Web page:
Certainly we can do with less hunting metaphors in politics. How about something more pastoral? Like hunters, herdsman are not committed to a permanent settlement. Where the hunter roams for the kill, the herdsman roams for the life of the flock. He is “the spiritual brother of the hunter, his better self, stressing the protective rather than the predatory function.” The lord of law and not of war.
… the shepherd moved toward the curbing of force and violence and the institution of some measure of justice, through which even the weakest member of the flock might be protected and nurtured.
In the city, the new role of the hunter is the old role of the shepherd. A shepherd to the people. But perhaps it is a choice guided by the limits of imagination. The new role of the hunter could be that of the war lord: his skills transferred from killing animals “to the more highly organized vocation of regimenting or slaughtering other men.”
The self-image of the ruler as shepherd king by no means guarantees a sustainable relationship. The Hyksos, Hammurabi, Dumuzid, David – as kings that identified themselves (or were identified) as shepherds of the people, they did exhibit a varying appetite for blood. David was forbidden to build the temple because he was a warrior that had shed blood.
It is not that the self-image of the ruler as shepherd chastises the violence of the hunter in the community, but rather that it models a poetic possibility. A possibility that enriches relationships rather than stratifies it. Cultural and vocational symbiosis. An uncertain, but sustainable basis for difference, identity, community and survival. The shepherd’s flock fertilizes the the peasant’s fields. The vigilant shepherd roaming the peripheries of the village protect the peasant’s crops and children from the predatory animals preeminently threaten their flock.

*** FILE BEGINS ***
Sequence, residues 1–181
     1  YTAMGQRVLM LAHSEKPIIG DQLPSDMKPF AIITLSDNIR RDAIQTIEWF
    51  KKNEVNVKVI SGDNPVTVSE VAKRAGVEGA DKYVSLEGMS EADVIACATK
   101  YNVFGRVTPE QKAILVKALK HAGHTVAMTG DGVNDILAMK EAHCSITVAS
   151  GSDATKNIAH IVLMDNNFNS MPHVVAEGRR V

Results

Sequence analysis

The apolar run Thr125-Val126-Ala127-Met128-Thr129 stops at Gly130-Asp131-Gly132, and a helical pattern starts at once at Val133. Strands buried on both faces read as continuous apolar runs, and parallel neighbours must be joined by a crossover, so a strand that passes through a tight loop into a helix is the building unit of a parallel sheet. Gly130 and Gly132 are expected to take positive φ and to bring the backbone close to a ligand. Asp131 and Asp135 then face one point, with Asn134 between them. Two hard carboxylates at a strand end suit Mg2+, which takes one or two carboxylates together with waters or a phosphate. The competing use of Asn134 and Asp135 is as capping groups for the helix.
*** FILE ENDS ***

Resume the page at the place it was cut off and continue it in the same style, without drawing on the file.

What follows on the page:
If to assert that there is something primordial about this cultural relationship between shepherd and peasant, hunter and villager, paleolithic and neolithic peoples, it is perhaps to suggest we reflect a little longer and more imaginatively about human structures of relationship. To dwell a little longer on Cain and Abel. Cain the peasant farmer tending crops he worked settled land to yield. Abel the shepherd wandering with his flock for the yield of distant lands. Mumford notes that early cave drawings don’t depict hunters hunting humans, only animals. It is with the permanent settlements that the hunters begin in earnest to mobilize and kill people. And so, a little bit of an intriguing mystery: Cain murders his brother Abel. The farmer gets the first taste of blood. Reconciled to God, he is marked a citizen. A builder of cities.